In the summer of 1981, John Rugge and I canoed down the George River in northern Quebec, retracing the routes taken across the Labrador-Ungava peninsula by Mina Hubbard and Dillon Wallace in 1903. We were writing a book about the subject, Great Heart: the History of a Labrador Adventure, which was published in 1988. (For more about that, look here.) Our good friend, filmmaker Sam Kauffmann, was along with us. The river flows north into Ungava Bay, whose extreme tides of forty feet make for a muddy landing, when the tides are out.
In 1905, the mouth of the river was the site of a post maintained by the Hudson Bay Company, the spot where Mina Hubbard and Dillon Wallace ended their expeditions. The settlement, George River, was still there in 1981 when we pulled our canoes up over the mud flats, though it had moved its location slightly. There we spent a pleasant day or two waiting for weather to permit a short flight to nearby Fort Chimo (now Kuujjuaq), where we caught a plane back south to Montreal. Our photographer Sam snapped a couple shots of the children around the settlement, including this energetic crowd:
I liked the photo so much, I used it as my Christmas card that year. And then we went on with our lives, wrote Great Heart, and thought fondly of George River Post—but never had occasion to return.
This year, Rugge and I and our spouses signed up for a cruise mounted by Adventure Canada, which begins in Greenland, traverses Davis Strait, and proceeds down the Labrador coast, ending in St. John's, Newfoundland. (Highly recommended: more information here.) And the first Canadian settlement we stopped in, crossing over from Greenland, was George River, now renamed Kangiqsualujjuak. The community, which numbered roughly a thousand souls, generously welcomed the ship's visitors with tents set up to sell crafts and walking tours of the village. Anticipating our return after 36 years, I had brought a copy of the photo of these youngsters and, once ashore, asked one of the residents if they recognized anyone. She immediately named each and then turned to the shelter nearby and called, "May! May, come over here!" It turned out that May was the girl on the right, and now in her forties, surprised and delighted to find this photograph from her past turn up, like a note in a bottle that had long been floating in the ocean.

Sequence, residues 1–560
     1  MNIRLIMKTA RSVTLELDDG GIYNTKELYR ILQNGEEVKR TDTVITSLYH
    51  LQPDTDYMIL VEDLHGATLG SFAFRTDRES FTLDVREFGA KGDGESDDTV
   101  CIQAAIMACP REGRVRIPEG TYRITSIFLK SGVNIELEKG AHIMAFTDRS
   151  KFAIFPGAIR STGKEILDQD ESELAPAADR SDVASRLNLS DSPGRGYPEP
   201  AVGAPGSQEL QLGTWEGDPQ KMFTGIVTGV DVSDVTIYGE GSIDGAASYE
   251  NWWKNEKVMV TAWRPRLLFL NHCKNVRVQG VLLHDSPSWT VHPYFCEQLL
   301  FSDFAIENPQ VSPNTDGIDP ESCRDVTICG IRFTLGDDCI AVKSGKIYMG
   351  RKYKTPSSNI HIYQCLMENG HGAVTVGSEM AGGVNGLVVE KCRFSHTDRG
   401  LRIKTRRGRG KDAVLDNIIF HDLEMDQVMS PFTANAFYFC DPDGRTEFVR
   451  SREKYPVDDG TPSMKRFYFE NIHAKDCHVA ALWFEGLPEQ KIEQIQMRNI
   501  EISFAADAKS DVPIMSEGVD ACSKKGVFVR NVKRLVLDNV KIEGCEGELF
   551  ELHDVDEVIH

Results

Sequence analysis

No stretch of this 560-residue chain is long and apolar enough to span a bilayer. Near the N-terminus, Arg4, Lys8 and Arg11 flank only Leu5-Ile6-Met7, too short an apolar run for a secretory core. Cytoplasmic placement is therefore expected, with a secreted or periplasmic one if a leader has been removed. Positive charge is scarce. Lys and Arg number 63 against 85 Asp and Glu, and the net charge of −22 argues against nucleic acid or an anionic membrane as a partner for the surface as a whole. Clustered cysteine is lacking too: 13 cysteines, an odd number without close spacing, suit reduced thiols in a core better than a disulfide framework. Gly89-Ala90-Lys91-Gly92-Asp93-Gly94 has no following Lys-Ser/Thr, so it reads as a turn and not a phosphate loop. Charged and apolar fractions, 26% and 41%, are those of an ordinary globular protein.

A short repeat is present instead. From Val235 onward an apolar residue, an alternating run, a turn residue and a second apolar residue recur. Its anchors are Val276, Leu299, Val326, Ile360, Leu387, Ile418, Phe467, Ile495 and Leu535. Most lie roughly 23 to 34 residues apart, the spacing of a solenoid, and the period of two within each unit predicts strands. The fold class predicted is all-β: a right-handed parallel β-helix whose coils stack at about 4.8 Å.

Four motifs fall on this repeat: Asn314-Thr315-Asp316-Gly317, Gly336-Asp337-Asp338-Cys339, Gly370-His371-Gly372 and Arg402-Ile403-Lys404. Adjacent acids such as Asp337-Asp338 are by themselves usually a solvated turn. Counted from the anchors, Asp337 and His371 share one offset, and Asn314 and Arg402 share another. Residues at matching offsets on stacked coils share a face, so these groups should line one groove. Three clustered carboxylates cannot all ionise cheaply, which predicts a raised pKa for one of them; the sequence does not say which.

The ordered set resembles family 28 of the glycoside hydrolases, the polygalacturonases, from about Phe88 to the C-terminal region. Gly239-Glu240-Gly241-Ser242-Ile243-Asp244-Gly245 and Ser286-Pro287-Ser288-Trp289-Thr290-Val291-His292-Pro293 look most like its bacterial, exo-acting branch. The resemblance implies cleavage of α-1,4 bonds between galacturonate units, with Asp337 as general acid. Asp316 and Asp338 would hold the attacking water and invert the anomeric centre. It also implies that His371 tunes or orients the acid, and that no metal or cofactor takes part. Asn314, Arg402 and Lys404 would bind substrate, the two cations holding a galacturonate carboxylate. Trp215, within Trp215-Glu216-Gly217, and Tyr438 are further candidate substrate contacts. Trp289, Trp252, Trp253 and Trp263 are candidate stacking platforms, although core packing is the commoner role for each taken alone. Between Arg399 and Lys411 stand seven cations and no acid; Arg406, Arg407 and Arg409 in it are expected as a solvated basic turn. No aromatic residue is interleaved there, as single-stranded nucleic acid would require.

I had one other photograph that Sam had taken in 1981, of a toddler in the lap of a man on a motorcycle.
The villagers recognized them too: a father with his daughter. And the daughter was now leading one of the walking tours of the village. She was over at the school and so we went there, a bright new building where students were getting out at the end of the school day. Found her, presented the other photo, and smiles all around.
What a wonderful day! It was marvelous to see Kanigiqsualajjuakk prospering and it felt as if a circle had been closed, in the same way that the life of a river is circular, starting as a panoply of rivulets in the highlands, gathering its tributaries and making its way to the sea, where the water eventually evaporates into the clouds to begin the cycle all over again. As we returned to our landing this year, I took a photo of two young girls I spied perched on a boulder. I hope a return to the village will be sooner than another 36 years, and if so, I'll have with me a photo and someone else to look for.
John Brown on the way to his execution (Library of Congress)
Almost any geographic site can prove to be a crossroads, historically speaking, where major protagonists meet in ways that are long remembered. It's more unusual to find a spot in which paths cross before the significant events have taken place. But the sleepy countryside around Harper's Ferry proved to be that place in the autumn of 1859.
John Brown's raid on the federal armory brought them there. The raid was the beginning of a clumsy attempt to free slaves in a region of western Virginia where few slaves lived, and it raised tensions to a fever pitch in the months before civil war divided the United States. The Currier & Ives lithograph above, created during the war, romanticized a somber scene. It was based on an erroneous newspaper report that, on the way to the gallows after being convicted of treason against the Commonwealth of Virginia, Brown encountered an enslaved African American mother and her child, and that Brown tenderly kissed the youngster. That never happened. Nor was it likely that behind Brown inside the jail, Virginia's state flag waved with its motto prominently emblazoned: Sic semper tyrannis--thus always to tyrants.